Author: Ana Blanco
Date: 16th Nov 2022
The ProCAncer-I project celebrated its 5th Consortium Meeting in Turin on 7-8 November 2022, bringing together 20 partners, including centers of reference for the treatment of prostate cancer (PCa), world leaders in artificial intelligence (AI) and innovative SMEs, with recognized expertise in their respective domains. The objective is to design, develop and sustain a cloud-based, secure European Image Infrastructure with tools and services for data handling. The platform will host the largest collection of PCa multi-parametric (mp)MRI, anonymized image data worldwide (>17,000 cases), based on data donorship, in line with EU legislation (GDPR).
Another main objective of ProCAncer-I is to develop advanced AI models to address unmet clinical needs along the care continuum; i.e. from early diagnosis, to the prediction of metastases and the prediction of response to treatment. To achieve this, partners will generate a large interoperable repository of health images, and a scalable high-performance computing platform hosting the largest collection of PCa mp MRIs, but also histological and clinical data to be used for the development of robust PCa AI models. To ensure the rapid clinical implementation of the models developed, the project’s partners will robustly monitor performance, accuracy, and reproducibility in the context of well-designed prospective evaluation studies.
Quibim set out to transform prostate diagnosis and monitoring by developing a new non-invasive imaging tool using MRI data and advanced computer models to investigate the prostate anatomy in extreme detail. The company has developed AI algorithms for prostate gland segmentation (peripheral zone, central gland, seminal vesicles) with PI-RADS 2.1 parcellation, that can be modified by the experts to store verified annotations and that will be available for the project. The annotation tool allows to have a concurrent annotation from multiple users, keeping an audit trail that makes secure and reliable use of these data.
In ProCancer-I, Quibim is leading key technical developments, such as the implementation of a monitoring, logging, and retraining system for the development of the AI models, and the application and refinement of deep learning methods for the semi-automated segmentation of images. Quibim is also the coordinator of the regulatory, exploitation and sustainability activities of the ProCAncer-I platform. These tasks involve exploring the clinical actions regarding the clinical approval of the developed AI models.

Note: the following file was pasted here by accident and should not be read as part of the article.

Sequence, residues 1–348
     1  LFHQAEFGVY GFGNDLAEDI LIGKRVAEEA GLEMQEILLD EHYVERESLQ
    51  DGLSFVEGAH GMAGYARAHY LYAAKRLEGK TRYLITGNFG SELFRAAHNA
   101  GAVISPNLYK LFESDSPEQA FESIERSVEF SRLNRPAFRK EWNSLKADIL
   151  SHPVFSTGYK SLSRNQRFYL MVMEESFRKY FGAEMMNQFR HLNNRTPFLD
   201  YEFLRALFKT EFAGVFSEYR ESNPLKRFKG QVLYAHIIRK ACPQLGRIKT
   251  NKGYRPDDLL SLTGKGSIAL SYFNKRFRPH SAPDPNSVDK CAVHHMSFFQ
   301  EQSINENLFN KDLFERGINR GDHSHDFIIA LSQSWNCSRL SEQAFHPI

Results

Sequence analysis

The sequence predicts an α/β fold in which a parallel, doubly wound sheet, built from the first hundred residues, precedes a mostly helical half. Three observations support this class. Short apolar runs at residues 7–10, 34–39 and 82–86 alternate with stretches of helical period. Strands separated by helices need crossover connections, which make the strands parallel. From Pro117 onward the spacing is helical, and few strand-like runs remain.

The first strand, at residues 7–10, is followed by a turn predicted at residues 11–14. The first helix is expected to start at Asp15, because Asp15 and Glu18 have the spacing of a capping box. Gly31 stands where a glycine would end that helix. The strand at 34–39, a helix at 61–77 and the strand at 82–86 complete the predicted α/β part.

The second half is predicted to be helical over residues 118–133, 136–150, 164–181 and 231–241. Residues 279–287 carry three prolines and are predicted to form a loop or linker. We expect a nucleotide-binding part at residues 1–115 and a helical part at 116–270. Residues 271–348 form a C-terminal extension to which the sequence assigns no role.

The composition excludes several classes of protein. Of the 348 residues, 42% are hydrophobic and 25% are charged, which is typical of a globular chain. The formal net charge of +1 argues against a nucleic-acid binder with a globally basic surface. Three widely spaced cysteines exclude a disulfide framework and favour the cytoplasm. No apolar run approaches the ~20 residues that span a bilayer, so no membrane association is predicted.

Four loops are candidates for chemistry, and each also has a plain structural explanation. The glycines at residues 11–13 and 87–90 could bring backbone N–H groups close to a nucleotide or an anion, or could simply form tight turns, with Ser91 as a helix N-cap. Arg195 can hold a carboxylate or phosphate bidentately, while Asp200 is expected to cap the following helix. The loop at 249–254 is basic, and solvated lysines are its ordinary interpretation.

Specifically, Quibim is implementing three tools and models at the ProCAncer-I project:
Implementing an image and data annotation tool.
Developing a system for the monitoring, logging, and retraining of AI models.
Building AI models for the automatic segmentation of the prostate.
Over the past few months, Quibim has focused on adapting and integrating the Quibim Precision® annotation environment into the ProCAncer-I platform. In the project, 5% of the cases uploaded to the platform are being annotated through the segmentation of prostate gland and the lesions. For this purpose, the functionalities of the annotation environment developed by Quibim are being used. This tool includes some manual annotation functionalities, such as the brush tool, which allows precise delineation of the regions of interest. In addition, for the segmentation of the prostate gland, three different areas are being delineated, including the central/transitional zone, the peripheral zone and the seminal vesicles. Segmenting all these structures from scratch is a time-consuming task. To speed up this segmentation, Quibim has integrated one of the functionalities of its QP-Prostate® product, the algorithm for the automatic prostate segmentation. This algorithm generates a pre-segmentation that is reviewed by the radiologists of the consortium, who perform its correction for final upload to ProstateNET. All these annotations are stored in DICOM Seg, a standard format of the DICOM standard which allows storing in a single file a binary map of all the annotations made on a specific series, plus additional metadata, such as the type of annotation (automatic, semi-automatic or manual), the author or the date, together with the reference to the specific series, imaging study and patient. This facilitates the findability, interoperability, and reusability (FAIR principles) of these annotations.
In summa, the novel infrastructure created in ProCAncer-I will help to answer specific clinical questions, supporting precision care through PCa’s continuum.
This project has received funding from the European Union’s Horizon 2020 research and innovation programme under grant agreement No 952159.